Second Runner-Up-MOOLAH: Pamela Chan and Eric Tyler, Washington, DC
The MOOLAH App is a financial decision-making tool that assists low-income households in the United States. The app will allow the user to achieve their personalized financial goals by assessing their financial situation, creating a budget with connections to stabilizing public benefits, and recommending related social services and financial products.
Essentially, the application will serve as a personal financial management software combined with a single-stop public benefits and community services referral portal. It also will open the door for future integration with developing mobile money services (i.e. freezing of mobile payments when a personal budget has been exceeded). Without the MOOLAH App providing a bridge to relevant financial information, services, and technologies, low-income households will be unable to make better economic decision and will fall further behind.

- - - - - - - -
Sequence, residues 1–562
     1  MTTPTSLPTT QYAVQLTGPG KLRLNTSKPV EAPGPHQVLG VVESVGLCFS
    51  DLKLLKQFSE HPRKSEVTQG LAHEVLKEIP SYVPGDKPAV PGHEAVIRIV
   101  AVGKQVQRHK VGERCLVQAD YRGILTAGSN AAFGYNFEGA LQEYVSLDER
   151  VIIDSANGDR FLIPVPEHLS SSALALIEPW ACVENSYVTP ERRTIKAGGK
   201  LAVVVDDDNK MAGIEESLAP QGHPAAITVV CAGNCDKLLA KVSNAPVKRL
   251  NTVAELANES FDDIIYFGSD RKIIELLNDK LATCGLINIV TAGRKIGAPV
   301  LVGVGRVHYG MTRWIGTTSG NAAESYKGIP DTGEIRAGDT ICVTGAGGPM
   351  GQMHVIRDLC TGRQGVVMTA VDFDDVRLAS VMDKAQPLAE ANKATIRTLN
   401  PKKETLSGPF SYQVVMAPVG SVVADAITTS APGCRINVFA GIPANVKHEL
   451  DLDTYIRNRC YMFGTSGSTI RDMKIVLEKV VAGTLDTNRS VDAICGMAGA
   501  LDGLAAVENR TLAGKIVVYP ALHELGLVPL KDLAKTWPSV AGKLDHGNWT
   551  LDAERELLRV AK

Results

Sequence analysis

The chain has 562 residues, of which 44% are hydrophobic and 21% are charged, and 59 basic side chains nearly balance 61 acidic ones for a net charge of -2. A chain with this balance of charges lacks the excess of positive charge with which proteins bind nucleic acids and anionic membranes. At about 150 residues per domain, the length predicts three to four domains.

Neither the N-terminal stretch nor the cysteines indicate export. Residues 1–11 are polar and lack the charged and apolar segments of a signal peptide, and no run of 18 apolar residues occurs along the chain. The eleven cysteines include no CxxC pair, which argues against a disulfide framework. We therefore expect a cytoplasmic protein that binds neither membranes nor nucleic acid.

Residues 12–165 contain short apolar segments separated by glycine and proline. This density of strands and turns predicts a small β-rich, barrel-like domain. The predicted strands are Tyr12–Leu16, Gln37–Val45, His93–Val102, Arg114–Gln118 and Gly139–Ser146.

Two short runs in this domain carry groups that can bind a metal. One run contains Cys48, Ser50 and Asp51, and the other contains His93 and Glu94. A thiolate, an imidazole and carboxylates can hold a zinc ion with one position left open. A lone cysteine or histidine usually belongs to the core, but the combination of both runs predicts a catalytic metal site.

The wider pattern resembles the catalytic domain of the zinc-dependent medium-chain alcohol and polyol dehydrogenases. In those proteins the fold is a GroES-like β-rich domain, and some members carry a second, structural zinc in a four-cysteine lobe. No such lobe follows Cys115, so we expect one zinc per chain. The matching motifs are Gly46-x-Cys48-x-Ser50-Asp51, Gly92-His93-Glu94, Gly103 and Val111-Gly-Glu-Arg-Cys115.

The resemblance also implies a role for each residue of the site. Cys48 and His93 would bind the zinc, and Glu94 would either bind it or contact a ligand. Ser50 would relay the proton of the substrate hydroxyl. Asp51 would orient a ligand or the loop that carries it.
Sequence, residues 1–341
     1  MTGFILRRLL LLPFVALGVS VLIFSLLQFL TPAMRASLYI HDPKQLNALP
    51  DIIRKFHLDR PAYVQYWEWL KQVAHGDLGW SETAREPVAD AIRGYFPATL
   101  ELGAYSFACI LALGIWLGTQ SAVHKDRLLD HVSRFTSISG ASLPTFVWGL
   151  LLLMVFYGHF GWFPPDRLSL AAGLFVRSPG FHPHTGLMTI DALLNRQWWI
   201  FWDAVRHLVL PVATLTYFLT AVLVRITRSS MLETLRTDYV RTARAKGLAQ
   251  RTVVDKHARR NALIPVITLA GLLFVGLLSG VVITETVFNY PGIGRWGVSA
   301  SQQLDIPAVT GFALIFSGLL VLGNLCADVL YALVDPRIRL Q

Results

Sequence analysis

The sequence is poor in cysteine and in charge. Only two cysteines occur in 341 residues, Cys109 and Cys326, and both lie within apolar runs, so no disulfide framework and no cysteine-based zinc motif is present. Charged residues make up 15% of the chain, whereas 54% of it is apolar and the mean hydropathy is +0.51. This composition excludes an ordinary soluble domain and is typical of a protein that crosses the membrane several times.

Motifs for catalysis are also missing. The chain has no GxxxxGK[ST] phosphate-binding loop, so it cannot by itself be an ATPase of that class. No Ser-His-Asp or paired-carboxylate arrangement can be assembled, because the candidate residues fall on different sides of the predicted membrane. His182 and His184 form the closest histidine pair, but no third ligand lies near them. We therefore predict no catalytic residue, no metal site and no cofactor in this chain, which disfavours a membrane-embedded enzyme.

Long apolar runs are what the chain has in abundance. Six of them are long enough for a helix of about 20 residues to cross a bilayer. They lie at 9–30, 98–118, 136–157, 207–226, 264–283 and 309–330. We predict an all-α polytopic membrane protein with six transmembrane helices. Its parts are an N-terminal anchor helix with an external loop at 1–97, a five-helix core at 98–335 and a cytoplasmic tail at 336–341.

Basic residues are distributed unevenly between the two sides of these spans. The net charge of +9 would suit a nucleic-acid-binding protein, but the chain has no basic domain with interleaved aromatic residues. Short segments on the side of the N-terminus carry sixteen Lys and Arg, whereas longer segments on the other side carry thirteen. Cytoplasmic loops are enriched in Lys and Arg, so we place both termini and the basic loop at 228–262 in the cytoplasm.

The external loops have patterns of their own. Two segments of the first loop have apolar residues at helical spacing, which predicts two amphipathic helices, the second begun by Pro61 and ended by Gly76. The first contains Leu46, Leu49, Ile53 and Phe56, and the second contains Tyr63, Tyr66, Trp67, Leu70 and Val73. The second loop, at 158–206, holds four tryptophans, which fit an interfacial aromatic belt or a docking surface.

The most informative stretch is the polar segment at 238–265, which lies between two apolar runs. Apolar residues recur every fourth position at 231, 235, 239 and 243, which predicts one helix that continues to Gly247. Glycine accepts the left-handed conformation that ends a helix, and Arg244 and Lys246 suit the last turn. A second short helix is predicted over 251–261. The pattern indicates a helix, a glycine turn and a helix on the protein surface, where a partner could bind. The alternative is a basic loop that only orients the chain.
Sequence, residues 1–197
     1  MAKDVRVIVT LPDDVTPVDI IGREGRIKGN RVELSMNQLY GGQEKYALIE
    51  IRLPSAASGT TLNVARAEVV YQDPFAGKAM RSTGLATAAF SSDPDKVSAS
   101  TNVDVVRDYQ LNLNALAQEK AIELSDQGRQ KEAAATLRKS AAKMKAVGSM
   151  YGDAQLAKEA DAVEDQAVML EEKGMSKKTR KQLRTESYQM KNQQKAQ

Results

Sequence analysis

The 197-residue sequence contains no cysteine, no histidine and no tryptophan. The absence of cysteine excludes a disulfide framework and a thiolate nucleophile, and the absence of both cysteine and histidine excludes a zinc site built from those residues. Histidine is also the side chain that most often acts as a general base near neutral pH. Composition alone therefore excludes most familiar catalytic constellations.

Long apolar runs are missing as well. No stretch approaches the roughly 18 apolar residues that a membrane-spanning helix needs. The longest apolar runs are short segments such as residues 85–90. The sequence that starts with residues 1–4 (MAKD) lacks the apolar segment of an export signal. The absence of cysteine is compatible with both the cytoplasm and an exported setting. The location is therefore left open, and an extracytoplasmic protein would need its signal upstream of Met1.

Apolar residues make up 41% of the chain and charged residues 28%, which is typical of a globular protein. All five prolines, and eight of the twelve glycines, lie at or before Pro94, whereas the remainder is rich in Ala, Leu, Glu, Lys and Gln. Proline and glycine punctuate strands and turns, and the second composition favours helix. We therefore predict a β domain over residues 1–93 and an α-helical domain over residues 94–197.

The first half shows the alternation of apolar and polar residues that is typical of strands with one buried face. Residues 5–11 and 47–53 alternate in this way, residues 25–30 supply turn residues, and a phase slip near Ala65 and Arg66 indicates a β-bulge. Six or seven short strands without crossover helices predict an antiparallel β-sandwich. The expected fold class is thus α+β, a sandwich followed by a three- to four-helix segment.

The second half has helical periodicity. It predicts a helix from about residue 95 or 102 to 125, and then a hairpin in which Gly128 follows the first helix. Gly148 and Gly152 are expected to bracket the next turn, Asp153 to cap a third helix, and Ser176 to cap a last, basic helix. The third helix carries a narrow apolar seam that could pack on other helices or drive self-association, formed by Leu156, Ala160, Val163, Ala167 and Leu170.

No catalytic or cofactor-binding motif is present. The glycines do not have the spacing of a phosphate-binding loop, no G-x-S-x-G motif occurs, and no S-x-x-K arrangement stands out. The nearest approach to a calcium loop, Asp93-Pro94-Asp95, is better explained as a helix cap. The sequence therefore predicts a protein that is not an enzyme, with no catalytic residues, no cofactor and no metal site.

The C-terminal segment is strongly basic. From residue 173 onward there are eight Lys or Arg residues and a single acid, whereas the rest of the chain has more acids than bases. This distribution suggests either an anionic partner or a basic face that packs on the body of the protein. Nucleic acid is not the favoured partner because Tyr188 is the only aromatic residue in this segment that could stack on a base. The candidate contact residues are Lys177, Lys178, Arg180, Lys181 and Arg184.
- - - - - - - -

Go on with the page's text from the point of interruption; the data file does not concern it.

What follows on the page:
First Honorable Mention-Crazy Money: Nancy Anderson, Clinton, Mississippi
Crazy Money is a twist on the drudgery of budgeting by making it fun and easy to control impulse spending. This is a tool that can be used to help parents teach their teens about spending limits or help spouses avoid arguments over spending habits. The app keeps users accountable, gives them the knowledge to make good decisions, and makes it all fun!
Second Honorable Mention-Know It All: Robert Scott, Parrish, Florida
Instant gratification by making a purchase feels great, but racking up mounting debt sure doesn’t. Know It ALL! will allow the consumer to instantly see the full cost of a purchase made by using a credit card, so that they can make a fully informed decision. As the cliche goes; you can pay now, or pay even more later.